I guess the crux of this is whether you would consider someone who refuses to allow their Jewish staff to take Jewish holidays as anti-semitic if that person also does not allow their Christian staff to take Christian holidays. If, a very hypothetical, Atheist refused to hire any religious staff should they be labelled an anti-semite or something else? – Eric Nolan – 2019-02-21T12:15:56.713

1@EricNolan - They'd be prejudiced against all religious groups, I suppose, which wouldn't be a huge improvement over being prejudiced against just one. In a loose sense, someone might say that they are anti-Jewish (and anti-Muslim, anti-Christian, etc). It's not accurate to assume that atheists cannot be more traditionally and specifically anti-Semitic or anti-Muslim, however. – Obie 2.0 – 2019-02-21T17:26:20.657

1Even if such a correlation exists, it wouldn't be very interesting without an explicit theory about what it means. I would expect there to be a much more meaningful correlation between anti-Jewish bias and other things, like Jewish immigration. Anecdotally I'd say it seems that hatred toward Jews in the United States was highest in the early twentieth century before the gates were closed to Eastern European immigrants. – Brian Z – 2019-02-21T17:52:50.557

1@Obie: Is the attitude of atheists/agnostics towards religious groups a PREJUDICE? Or is it simply a rational recognition of the historical and largely present attitude of those religious groups towards them? Which would, I think, explain why they're more positive about Jews, since (outside of Israel, perhaps) Jews have never had the power to oppress them much. – jamesqf – 2019-02-21T18:52:00.250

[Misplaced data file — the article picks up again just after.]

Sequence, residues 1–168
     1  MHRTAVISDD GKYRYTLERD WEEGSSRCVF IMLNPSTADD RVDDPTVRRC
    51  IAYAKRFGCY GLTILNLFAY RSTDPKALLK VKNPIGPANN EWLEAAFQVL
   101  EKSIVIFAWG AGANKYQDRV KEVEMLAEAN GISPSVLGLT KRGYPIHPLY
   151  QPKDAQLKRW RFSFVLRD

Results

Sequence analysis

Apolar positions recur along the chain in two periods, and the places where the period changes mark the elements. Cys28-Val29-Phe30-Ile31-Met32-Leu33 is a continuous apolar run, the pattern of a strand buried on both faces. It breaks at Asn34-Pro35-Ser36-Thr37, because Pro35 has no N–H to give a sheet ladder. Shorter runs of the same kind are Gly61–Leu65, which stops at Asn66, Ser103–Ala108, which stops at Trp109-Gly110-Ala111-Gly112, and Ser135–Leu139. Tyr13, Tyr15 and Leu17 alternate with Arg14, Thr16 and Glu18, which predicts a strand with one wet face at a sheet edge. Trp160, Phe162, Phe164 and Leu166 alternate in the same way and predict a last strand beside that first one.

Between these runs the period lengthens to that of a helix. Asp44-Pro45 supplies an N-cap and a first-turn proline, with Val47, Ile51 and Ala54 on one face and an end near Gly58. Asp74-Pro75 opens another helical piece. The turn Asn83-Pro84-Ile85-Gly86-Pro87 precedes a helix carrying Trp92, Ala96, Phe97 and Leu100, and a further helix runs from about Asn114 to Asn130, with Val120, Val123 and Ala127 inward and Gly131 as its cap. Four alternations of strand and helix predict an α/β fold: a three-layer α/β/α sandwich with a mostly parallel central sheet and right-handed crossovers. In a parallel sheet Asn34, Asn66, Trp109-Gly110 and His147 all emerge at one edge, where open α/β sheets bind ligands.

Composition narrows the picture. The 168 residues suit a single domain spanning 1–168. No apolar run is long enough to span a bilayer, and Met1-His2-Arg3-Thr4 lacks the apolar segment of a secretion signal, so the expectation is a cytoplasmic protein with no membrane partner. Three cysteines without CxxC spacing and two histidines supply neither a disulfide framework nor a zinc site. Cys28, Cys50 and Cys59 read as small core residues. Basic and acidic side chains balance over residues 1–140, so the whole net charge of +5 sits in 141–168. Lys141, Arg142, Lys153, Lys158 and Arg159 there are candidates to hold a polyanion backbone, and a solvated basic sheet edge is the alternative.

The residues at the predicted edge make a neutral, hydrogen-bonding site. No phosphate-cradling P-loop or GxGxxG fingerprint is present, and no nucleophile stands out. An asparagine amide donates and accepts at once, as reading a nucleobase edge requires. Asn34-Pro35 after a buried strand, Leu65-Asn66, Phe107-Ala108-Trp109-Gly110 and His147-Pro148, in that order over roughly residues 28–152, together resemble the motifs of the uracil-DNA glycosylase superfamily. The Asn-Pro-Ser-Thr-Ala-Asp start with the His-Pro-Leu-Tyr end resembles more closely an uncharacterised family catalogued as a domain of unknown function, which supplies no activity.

@jamesqf - Well, firstly, there's not just one attitude. Non-religious folk have a whole spectrum of opinions. So when you talk about "the" attitude it's not too clear to me which one you mean. – Obie 2.0 – 2019-02-21T20:56:25.910

Second, yes, there is a distinction between recognition of the hostility of religious structures toward non-religious people and prejudice. A given person might have one, both, or neither. If you dislike someone for being religious, I'd say that falls in the second category (to say nothing of not letting people take of religious categories). – Obie 2.0 – 2019-02-21T20:59:19.023

In my personal experience, most non-religious people have no problem with religious people (as distinct from organized religion). Prejudice against atheists is much more common than the other way around. – Obie 2.0 – 2019-02-21T21:03:12.510

@Obie: But when you talk about poll results, you are discussing the average or aggregate of all those individual opinions. – jamesqf – 2019-02-21T23:32:55.347